Why blame the discoms

Written by Lalit Jalan | Updated: May 24 2013, 07:19am hrs
Power purchase costs of Delhi power utilities rose 300% in the last decade but the tariff revision was limited to 65%

Electricity tariff revision in Delhi is round the corner. Politicised as it is, this subject has always evoked strong public emotions.

A typical Delhi resident has experienced between 100% and 200% increase in prices of various goods and services in the course of the last decade. Yet he has accepted it without raising much hue and cry. However, when it comes to electricity tariff revision, vote bank politics by political parties and activists always come into play.

As an outcome thereof, tariff increase in Delhi, as in other parts of the country, has not at all kept pace with sharply rising costs. Stagnant tariff over a period of time has led to huge build up of unrecovered costs (regulatory assets), to the tune of almost R20,000 crore, impacting sustainability of operations for all three private utilities in the countrys capital.

The entire reform process is at risk for want of cost-reflective tariff. It is in this context that it is important for all the stakeholders to understand why a hike in tariff is necessary.

Electricity tariff as seen by consumer comprises of three componentsgeneration, transmission and distribution. Generation and transmission together constitute power purchase cost and account for approximately 80% of the total cost of Delhi distribution companies. The power purchase cost (PPC) has seen a staggering 300% increase (R1.4 to R5.7/unit) during the last decade.

As 100% power is procured from the central and state government generating units, with tariff determined by respective electricity regulatory commissions (CERC/DERC), it is needless to say that distribution companies have absolutely no control on this most critical component. The increase in PPC has been mainly on three counts. First, higher coal imports at over four times the cost, necessitated by constraints in domestic coal production. Second, pressure on cost in recent years has also come from greater component of newer plants with higher fixed cost. Third, a sharp rise in both production and transportation cost of domestic coal has played its role.

One of the most critical challenges faced by the power sector in India today is exceptionally high commercial losses. The focus on containing theft in Delhi has led to unprecedented reduction in commercial loss (theft of electricity) from 45% at the time of privatisation to 5% now. This loss reduction is the single most important factor responsible for easing the significant upward pressure on tariff levels in recent years, due to sharply rising PPC.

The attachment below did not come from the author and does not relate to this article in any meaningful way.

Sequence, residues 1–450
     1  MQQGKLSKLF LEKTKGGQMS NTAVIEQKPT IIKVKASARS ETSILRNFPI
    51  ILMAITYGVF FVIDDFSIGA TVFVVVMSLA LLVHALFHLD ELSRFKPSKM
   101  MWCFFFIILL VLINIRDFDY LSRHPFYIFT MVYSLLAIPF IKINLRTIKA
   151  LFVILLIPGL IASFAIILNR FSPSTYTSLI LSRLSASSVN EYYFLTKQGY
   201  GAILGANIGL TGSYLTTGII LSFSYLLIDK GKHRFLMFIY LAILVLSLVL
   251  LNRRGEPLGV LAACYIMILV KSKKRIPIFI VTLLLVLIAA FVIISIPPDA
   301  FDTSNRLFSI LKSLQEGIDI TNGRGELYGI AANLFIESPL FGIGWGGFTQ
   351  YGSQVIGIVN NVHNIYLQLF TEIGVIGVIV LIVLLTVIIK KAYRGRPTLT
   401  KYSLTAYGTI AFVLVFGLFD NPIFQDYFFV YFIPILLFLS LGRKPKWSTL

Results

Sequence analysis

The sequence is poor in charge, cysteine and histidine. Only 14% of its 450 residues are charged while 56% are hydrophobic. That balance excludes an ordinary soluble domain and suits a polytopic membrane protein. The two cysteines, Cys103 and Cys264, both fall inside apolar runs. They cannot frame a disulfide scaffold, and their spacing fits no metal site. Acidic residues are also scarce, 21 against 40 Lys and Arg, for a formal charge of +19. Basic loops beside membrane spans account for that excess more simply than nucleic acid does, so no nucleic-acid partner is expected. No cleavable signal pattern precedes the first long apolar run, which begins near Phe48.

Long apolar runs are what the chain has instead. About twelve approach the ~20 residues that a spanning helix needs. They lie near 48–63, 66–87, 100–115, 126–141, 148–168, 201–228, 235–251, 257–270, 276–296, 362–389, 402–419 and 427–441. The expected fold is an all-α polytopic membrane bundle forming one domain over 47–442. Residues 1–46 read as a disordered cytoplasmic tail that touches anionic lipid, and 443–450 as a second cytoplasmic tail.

As a consequence of rising PPC, electricity tariff too should have gone up by 300% but due to the record loss reduction and improvements in operational efficiencies, mere 90% tariff increase was sufficientthe actual revision has been limited to 65% and that too with majority of it coming in the last two years.

Despite 120% increase in the consumer price index (CPI), operating cost has seen declining trend. Loss reduction and operational efficiency improvements have meant a whopping R37,500 crore cumulative savings till date to Delhi government and R7,500 crore every year, here after.

Rise in prices of essential commodities in Delhi has been even steeper; pulses went up by 206% and sugar went by 140%. Even prices of other utilities like Delhi Metro, water supply and DTC buses have increased anywhere between 150-200%. Not to mention the price of petrol, diesel and LPG increased by around 190%.

Compared to such a steep hike in the prices of other items, the electricity tariff increases have been limited to a mere 65%. In spite of providing reliable and quality power supply, Delhi has cheaper electricity tariff when compared to its neighbours. After accounting for the running cost of a backup generator (R16/unit), households in other towns pay 200% more than Delhi households for comparable quality of supply. Even when compared to other metros, tariff in Delhi is significantly lower.

There is a need to not only mobilise but also sustain national consensus towards cost reflective tariff. It is high time for all of us to understand that we cannot afford the luxury of vote bank politics any more. Last year was a truly landmark year, as almost all states across the country effected revisions in electricity tariff, with hikes ranging up to 37%. This was in sharp contrast to the past when it was not uncommon to find states with no tariff revisions for 5-6 years in a row and some for even a decade. While a good beginning has been made, much more needs to be done.

The author is CEO of Reliance Infrastructure Ltd, which distributes power in Mumbai, Delhi and Orissa. Views are personal